Amid the long list of ten generations recorded in Genesis 5, a father full of hope chooses a name for his son, and it’s the only name in the list explained for the reader–which means we should lean in close here and not blink.
When Lamech had lived 182 years, he fathered a son and called his name Noah, saying, “Out of the ground that the LORD has cursed this one shall bring us relief from our work and from the painful toil of our hands” (Gen 5:29).
The words of Lamech should sound familiar. The “ground that the LORD has cursed” refers to God’s punishment on Adam in Genesis 3:17, and his remark about “painful toil” is found there as well: “cursed is the ground because of you; in pain you shall eat of it all the days of your life.”
Let’s marvel a moment at how God’s judgment on Adam was faithfully transmitted nine generations later to Lamech. Remember: these people didn’t have the book of Genesis to reference. The reason Lamech knew about the judgment from 3:17 is because his father told him, and his father heard it from his father, and so on it goes.
Do you see what’s happened, then, with the judgment on Adam? It has been communicated to successive generations, and thus Lamech knows about it.
But Lamech said something else too. He hoped Noah would be the “one” who “shall bring us relief” from the curse. Now where did Lamech get the idea that someone would come to reverse the curse?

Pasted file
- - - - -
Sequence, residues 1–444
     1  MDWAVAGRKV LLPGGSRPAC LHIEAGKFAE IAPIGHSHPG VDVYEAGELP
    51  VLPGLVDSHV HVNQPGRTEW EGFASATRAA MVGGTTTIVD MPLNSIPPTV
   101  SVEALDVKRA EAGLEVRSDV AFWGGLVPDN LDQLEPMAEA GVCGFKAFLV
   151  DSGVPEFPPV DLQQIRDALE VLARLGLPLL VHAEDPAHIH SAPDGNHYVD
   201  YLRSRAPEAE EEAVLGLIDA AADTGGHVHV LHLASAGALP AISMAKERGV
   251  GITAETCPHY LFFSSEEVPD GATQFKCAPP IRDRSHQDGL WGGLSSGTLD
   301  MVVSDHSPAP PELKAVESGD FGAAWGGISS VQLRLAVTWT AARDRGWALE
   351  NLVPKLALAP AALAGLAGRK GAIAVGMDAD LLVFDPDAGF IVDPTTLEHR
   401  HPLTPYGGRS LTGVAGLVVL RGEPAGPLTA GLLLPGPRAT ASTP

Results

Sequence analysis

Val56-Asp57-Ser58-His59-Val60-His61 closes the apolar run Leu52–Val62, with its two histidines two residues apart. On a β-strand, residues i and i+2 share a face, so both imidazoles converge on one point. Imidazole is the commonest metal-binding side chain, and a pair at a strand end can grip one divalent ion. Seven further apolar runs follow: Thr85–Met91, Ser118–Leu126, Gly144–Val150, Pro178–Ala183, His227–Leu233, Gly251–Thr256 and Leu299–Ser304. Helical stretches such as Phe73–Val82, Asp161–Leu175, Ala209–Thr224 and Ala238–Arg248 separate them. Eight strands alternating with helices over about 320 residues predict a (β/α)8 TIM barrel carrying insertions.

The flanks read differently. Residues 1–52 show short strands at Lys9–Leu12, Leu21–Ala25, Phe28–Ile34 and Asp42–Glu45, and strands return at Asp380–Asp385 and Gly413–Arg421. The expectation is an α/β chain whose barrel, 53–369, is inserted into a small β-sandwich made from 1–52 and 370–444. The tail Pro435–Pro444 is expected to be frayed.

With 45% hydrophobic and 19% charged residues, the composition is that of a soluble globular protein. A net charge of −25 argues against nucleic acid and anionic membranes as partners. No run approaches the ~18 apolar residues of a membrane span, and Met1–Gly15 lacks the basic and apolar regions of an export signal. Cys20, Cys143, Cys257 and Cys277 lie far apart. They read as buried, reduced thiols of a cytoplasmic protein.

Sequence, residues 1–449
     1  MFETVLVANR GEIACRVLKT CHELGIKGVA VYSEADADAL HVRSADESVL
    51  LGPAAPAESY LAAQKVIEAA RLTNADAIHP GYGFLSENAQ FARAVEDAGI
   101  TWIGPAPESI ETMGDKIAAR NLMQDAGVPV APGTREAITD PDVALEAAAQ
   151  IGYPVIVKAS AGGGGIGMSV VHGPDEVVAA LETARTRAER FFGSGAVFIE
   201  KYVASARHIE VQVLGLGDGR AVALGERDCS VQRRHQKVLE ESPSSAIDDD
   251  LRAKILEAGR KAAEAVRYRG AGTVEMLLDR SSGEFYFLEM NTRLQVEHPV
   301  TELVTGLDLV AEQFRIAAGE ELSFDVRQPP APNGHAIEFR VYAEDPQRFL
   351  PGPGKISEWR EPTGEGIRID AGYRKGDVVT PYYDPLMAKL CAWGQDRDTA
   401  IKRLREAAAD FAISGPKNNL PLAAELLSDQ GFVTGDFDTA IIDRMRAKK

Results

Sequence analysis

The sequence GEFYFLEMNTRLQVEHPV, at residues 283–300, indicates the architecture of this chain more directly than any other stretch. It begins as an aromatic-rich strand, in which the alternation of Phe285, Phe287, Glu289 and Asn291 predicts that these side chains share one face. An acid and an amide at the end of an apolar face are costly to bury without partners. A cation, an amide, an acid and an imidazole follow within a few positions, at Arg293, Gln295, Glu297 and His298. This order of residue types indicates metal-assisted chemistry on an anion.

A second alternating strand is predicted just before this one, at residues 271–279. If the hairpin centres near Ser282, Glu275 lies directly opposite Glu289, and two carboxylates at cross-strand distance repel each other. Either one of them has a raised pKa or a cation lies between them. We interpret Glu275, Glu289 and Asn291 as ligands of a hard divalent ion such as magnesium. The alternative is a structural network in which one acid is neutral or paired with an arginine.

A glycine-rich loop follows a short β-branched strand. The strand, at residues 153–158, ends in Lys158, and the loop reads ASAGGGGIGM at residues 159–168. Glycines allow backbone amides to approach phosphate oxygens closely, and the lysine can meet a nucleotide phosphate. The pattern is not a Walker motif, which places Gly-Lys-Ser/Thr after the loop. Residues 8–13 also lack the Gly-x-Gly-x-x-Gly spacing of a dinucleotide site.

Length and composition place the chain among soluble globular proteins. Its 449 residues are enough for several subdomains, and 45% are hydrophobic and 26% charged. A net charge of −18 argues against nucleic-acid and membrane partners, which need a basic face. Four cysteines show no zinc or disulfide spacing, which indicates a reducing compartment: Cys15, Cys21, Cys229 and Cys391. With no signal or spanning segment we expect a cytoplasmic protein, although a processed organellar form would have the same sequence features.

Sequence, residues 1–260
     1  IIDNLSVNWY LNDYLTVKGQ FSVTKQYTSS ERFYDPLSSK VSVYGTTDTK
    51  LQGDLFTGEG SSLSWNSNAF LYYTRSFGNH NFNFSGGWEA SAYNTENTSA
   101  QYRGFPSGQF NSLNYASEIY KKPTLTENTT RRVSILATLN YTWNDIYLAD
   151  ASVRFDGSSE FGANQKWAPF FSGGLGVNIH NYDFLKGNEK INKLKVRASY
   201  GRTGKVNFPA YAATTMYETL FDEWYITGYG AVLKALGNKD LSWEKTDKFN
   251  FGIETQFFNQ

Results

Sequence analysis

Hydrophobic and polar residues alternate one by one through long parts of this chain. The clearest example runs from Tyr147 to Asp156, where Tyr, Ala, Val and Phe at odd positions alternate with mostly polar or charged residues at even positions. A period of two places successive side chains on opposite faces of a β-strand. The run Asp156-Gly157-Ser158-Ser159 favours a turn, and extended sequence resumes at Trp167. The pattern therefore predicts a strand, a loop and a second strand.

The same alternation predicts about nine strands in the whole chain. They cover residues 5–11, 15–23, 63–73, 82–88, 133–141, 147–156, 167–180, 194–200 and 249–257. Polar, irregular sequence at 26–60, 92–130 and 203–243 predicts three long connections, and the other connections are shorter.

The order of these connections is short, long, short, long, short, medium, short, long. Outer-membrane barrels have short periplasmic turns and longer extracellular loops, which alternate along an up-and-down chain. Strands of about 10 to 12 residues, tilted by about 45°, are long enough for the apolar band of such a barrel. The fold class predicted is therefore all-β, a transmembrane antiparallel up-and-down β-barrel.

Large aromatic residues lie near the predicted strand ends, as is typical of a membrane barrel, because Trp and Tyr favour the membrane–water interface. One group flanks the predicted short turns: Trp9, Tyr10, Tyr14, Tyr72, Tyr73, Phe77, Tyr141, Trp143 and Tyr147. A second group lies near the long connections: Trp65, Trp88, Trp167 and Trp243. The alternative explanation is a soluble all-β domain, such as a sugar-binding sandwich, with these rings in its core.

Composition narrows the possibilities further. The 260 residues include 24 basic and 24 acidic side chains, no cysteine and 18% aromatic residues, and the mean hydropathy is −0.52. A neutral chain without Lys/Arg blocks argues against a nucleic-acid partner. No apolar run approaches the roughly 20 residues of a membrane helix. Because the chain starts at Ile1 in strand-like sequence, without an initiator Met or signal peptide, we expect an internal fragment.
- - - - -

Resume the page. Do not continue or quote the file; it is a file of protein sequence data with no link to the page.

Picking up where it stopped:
Since the first part of Lamech’s words connect to God’s judgment on Adam in Genesis 3:17-19, we should look first at that same context for any reference to a promised individual. And indeed, in God’s words to the serpent, we find such a promise.
When God judged the transgressors in the garden (Gen 3:16-19), he first spoke to the serpent (3:14-15), so the couple overheard the merciful promise folded into that first judgment: “I will put enmity between you and the woman, and between your offspring and her offspring; he shall bruise your head, and you shall bruise his heel” (3:15).
Like the curse in Genesis 3:17, this word of hope in 3:15 was also passed down from generation to generation. Nine generations later, Lamech hopes his son Noah is that promised one, the one who “shall bring us relief from our work and from the painful toil of our hands” (5:29).
Notice the beneficial effects of the promised one’s work: he will bring us relief. What that one does will be for those under judgment, and his act will reverse the curse. The rest (“relief”) that was lost in the Fall will be restored in the promised one of Genesis 3:15.
Lamech believed this. Because of generations faithfully passing down the words of God’s judgment and deliverance, Lamech knew the curse and the promise of a head-crushing individual who will come from the woman’s seed. Lamech also knew his son was in the line of the woman’s seed, so he named him “Noah” because it sounds like the Hebrew word for “rest.”
But soon the reader will realize Noah was not the promised one. His role is significant and memorable, but he doesn’t turn back the curse, nor does he bring deliverance to us. After the flood, sin continues, and the curse persists.
Lamech doesn’t know it yet, but Jesus–the one who will fulfill Genesis 3:15 and restore the rest that was lost in the Fall–is still a long way off. In the fullness of time, though, he will come, and he will crush the serpent’s head.